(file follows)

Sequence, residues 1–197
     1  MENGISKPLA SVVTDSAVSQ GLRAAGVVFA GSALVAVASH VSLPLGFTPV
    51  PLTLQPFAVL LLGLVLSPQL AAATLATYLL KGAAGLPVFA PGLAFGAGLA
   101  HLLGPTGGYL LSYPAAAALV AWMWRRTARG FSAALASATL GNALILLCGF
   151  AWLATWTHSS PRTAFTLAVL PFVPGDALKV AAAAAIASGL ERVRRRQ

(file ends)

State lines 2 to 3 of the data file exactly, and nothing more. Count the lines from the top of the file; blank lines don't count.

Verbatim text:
     1  MENGISKPLA SVVTDSAVSQ GLRAAGVVFA GSALVAVASH VSLPLGFTPV
    51  PLTLQPFAVL LLGLVLSPQL AAATLATYLL KGAAGLPVFA PGLAFGAGLA